The human population has just crossed the threshold of 8 billion. That's four times greater than 100 years ago, and demographers forecast we'll reach 9 billion within the next few decades.
With more and more people, the challenge of meeting basic needs, starting with food, is mounting each year. In fact, the United Nations reports that global food insecurity has "hit new peaks," due to a confluence of crises, and signs point to things getting worse. But thanks to the power of science, particularly new innovations in gene-editing technology, we can mitigate contributing factors such as drought, pestilence and climate change, helping to feed humanity even as our numbers keep increasing.
Some say 9 billion is the upper limit -- the "carrying capacity" of the earth for Homo sapiens. These experts maintain that past that population, the planet's resources simply won't be able to produce enough to keep humanity fed. Yet their straight-line extrapolations from current baselines have consistently underestimated the power of human ingenuity in meeting our challenges.
Consider that in roughly the same hundred years the global population expanded by six billion, global poverty also plummeted. In 1929, 1.35 billion people, two-thirds of all human beings, lived in extreme poverty. By 2015, that number was down in absolute terms to 734 million -- just around 10% of humanity. In 2019, the percentage of the global population classified as undernourished stood at 8.9% -- a figure that, while still too high, represents tremendous progress.
At first blush, these statistics don't seem to make sense. How can a population double twice over on a planet with scarce resources and people end up less hungry and less poor? But that's exactly what happened, and it's thanks to humanity's capacity to get better at what we do.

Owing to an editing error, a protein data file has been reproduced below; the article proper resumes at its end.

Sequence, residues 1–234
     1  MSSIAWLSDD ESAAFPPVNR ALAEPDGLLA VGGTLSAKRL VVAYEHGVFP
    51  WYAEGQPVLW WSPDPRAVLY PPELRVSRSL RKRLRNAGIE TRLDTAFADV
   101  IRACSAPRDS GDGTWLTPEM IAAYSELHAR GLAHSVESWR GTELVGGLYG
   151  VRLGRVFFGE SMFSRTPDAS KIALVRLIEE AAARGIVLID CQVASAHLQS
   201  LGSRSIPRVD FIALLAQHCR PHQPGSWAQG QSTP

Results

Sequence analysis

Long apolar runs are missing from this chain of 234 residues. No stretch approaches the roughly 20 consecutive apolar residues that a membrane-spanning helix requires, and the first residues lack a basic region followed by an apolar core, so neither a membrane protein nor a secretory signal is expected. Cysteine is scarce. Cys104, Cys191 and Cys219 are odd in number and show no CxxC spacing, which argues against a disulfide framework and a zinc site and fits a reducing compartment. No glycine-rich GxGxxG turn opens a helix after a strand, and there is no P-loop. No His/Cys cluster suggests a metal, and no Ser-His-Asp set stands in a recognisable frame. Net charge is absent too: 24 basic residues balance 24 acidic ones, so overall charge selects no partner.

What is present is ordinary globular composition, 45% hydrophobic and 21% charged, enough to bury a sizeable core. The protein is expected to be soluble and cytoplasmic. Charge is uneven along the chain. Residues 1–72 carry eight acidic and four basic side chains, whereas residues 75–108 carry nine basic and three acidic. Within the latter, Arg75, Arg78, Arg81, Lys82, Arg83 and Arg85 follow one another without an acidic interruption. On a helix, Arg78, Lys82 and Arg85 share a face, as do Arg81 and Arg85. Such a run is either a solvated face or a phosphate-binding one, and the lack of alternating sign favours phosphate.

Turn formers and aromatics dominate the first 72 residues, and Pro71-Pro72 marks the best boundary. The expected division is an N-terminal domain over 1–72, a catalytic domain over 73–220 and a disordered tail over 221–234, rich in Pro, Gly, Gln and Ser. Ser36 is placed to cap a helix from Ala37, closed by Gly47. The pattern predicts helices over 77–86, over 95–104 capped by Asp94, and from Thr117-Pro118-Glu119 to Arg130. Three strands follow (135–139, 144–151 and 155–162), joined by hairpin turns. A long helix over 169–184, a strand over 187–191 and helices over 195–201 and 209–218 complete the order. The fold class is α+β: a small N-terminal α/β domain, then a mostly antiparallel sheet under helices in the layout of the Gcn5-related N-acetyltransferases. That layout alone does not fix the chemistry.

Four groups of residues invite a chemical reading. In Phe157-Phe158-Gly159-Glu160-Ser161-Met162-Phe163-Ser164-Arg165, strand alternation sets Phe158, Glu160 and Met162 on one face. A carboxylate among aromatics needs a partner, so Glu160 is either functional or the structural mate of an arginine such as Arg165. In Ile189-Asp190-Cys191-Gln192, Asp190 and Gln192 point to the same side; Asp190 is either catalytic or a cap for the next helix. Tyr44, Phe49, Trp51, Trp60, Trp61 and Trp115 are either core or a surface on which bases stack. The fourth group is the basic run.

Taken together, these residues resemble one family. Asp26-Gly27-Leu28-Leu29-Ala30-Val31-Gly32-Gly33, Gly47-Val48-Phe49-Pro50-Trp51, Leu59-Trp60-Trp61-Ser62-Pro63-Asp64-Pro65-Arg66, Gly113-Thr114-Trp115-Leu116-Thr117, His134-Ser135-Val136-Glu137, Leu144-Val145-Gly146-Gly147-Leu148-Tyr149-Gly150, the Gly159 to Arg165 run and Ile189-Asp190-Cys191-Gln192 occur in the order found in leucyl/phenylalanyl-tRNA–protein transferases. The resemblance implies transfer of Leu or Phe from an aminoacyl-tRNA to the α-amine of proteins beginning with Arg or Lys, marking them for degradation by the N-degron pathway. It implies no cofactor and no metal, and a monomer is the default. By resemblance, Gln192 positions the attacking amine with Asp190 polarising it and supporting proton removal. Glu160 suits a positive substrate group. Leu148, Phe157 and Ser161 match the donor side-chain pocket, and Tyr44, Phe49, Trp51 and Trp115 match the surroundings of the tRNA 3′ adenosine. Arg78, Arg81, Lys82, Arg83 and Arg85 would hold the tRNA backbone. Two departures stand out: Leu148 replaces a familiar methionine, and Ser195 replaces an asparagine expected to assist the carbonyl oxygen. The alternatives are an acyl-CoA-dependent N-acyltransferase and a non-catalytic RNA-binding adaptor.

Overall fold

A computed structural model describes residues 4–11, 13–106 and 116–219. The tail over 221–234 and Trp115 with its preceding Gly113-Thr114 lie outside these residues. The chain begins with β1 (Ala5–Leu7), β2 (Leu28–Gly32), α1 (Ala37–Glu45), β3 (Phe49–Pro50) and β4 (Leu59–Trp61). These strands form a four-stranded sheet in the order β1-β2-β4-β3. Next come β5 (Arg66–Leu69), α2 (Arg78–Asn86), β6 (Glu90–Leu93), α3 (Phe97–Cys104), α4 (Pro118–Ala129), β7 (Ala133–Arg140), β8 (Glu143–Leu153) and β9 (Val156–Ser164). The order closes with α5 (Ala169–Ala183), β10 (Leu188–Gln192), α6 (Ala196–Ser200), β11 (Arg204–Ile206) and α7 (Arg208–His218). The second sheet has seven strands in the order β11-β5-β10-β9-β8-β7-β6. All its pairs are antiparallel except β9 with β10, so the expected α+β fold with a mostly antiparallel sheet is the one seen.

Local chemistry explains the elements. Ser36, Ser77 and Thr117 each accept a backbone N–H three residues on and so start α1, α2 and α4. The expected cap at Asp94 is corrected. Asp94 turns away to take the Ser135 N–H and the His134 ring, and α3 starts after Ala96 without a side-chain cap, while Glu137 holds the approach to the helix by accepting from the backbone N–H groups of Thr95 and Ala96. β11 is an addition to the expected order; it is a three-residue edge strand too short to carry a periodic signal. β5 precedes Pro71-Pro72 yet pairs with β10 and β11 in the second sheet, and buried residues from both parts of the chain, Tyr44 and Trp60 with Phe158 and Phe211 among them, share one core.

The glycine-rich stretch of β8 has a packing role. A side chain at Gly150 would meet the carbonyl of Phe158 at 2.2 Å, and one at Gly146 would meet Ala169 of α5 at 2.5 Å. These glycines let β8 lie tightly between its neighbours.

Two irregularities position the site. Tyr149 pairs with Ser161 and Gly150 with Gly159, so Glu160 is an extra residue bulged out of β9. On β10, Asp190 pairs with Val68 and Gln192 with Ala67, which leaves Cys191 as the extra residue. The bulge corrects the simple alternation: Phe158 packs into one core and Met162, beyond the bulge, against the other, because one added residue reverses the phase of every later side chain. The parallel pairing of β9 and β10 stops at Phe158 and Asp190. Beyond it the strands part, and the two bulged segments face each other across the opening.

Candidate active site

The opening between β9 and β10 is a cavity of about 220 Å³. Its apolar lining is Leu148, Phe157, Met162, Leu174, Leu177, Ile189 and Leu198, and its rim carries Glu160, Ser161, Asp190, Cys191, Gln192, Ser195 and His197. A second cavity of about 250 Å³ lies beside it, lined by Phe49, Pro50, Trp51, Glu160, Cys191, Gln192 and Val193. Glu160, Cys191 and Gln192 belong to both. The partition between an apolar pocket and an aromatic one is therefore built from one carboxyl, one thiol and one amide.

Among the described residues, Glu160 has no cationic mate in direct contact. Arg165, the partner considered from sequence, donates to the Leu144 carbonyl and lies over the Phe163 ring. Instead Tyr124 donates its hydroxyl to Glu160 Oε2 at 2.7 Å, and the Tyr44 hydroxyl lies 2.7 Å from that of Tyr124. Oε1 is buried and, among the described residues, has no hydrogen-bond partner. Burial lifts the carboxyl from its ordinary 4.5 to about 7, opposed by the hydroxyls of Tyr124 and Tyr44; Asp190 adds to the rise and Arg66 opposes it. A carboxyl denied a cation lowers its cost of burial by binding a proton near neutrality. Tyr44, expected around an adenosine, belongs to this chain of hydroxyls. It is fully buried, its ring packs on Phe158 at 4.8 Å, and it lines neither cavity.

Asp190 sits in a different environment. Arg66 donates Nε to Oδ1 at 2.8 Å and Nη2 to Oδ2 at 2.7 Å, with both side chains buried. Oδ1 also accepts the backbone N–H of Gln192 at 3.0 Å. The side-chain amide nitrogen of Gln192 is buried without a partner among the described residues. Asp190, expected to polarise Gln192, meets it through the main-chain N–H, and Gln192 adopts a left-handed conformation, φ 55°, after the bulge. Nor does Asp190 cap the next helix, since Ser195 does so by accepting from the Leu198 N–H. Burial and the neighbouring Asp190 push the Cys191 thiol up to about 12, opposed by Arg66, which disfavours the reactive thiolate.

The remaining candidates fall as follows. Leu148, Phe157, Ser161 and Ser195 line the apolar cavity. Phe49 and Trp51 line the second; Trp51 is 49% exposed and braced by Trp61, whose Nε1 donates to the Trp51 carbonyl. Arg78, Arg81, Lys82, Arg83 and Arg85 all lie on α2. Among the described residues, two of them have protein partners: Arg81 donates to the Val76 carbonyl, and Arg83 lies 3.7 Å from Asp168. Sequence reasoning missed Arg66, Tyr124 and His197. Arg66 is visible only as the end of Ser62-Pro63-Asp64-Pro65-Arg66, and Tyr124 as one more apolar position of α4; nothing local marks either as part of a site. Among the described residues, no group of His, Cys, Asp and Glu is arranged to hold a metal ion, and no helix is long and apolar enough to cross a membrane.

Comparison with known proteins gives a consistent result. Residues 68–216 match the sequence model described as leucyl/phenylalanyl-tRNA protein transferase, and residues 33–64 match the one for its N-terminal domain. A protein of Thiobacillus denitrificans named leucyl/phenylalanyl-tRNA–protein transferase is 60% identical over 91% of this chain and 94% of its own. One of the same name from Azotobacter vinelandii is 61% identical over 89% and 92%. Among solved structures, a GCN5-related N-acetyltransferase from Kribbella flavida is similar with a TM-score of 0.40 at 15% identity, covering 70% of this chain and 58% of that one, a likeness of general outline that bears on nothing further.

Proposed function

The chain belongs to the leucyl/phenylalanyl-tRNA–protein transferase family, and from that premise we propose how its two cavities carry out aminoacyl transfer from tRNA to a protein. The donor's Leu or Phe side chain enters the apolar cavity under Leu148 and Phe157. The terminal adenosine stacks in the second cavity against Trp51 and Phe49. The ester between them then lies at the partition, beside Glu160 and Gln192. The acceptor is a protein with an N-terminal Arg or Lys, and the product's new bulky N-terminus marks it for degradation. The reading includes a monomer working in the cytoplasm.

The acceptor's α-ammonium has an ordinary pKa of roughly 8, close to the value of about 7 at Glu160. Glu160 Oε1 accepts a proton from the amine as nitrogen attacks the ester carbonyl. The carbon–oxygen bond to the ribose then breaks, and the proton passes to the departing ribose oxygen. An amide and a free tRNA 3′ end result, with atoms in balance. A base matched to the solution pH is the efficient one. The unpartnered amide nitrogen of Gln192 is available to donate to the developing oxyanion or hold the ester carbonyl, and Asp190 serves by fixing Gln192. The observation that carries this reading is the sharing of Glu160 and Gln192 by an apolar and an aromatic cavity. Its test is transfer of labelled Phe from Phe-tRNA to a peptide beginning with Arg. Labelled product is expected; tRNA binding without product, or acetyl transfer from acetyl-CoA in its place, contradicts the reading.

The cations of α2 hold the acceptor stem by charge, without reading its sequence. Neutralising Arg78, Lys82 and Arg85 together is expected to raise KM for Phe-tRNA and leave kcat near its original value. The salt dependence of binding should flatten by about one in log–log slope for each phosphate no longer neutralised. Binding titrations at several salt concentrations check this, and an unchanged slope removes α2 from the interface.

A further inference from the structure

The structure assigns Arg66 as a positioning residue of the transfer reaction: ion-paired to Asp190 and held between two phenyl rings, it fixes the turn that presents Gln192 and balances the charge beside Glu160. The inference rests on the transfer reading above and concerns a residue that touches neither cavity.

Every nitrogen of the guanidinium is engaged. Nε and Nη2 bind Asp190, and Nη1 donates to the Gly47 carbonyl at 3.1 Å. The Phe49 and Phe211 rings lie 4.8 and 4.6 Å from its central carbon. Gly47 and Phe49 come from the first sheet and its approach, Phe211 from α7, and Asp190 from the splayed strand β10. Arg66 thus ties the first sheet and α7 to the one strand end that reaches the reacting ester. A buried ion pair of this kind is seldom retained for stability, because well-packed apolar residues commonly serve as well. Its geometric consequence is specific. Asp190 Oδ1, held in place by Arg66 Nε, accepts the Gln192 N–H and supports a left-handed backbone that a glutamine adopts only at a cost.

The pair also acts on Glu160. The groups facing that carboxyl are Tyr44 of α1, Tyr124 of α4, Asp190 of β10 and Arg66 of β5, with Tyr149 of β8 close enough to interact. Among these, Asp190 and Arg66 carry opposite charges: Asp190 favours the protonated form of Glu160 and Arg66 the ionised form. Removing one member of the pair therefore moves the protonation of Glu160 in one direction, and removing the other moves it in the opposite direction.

In the 20th century, inventors and agricultural scientists ushered in a "Green Revolution," a period in which new inventions and processes increased crop yields exponentially. In 1909, two German chemists invented synthetic nitrogen, a chemical key to plant growth. Instead of relying only on manure and dead plants to feed crops nitrogen, farmers now had unlimited access to inexpensive supplies at greater concentration.
Later in the century, Norman Borlaug, an American agronomist, spent years developing new breeds of wheat to control the height of the stem. Better fertilization was causing stems to grow too tall, and heavier grains were toppling the plants before harvest. The new wheat breed has tripled yields since the 1960s. Borlaug also applied his breeding technique to rice -- and won the Nobel Peace Prize for his work.
Right now, the latest installment of the green revolution is already under way. This time, it's not what we add to crops or how we breed them that makes them grow faster and bigger. Instead, it's how we structure their genetic code to select for desirable characteristics.
Gene editing is not a new technique, but it has really taken off in recent years. Many scientists believe it's the key to a well-fed world.
In 2019, two researchers published a paper in Science arguing that gene editing can provide all the benefits of selective breeding, but more quickly and with greater precision. They point to chickpea crops, for example, where scientists could quickly create vast genetic diversity through gene editing and select the most productive, high-yield, or drought-resistant strains.
It's true, we still face grave food challenges. Populations in parts of sub-Saharan Africa, for example, don't have enough. But new and emerging agricultural technologies can help.
Consider drought, especially in the context of a changing climate. Areas without water for extended periods of time won't yield enough crops to feed local populations. But with the gene-editing technology CRISPR, which can "cut and paste" individual genes, scientists have added or removed genes to make such crops as corn and tomatoes require less water and withstand drier conditions.
CRISPR has the potential to speed up the results from selective breeding processes that Borlaug had to spend decades to achieve. For example, snipping just one gene from rice and corn can increase yields by 10%, according to a new Science paper. And it takes just one growing season to reap the benefits.
Scientists have also used CRISPR on livestock. They've experimented with the genetics of cattle to increase muscle mass -- resulting in more meat for less feed. CRISPR can also make cattle more heat-tolerant and disease-resistant.

Eight billion people is a lot. But by harnessing the power of gene editing and other advanced agricultural technologies, we'll be able to ensure everyone on planet Earth has enough to eat.
Beth Ellikidis is vice president of agriculture and environment at the Biotechnology Innovation Organization.

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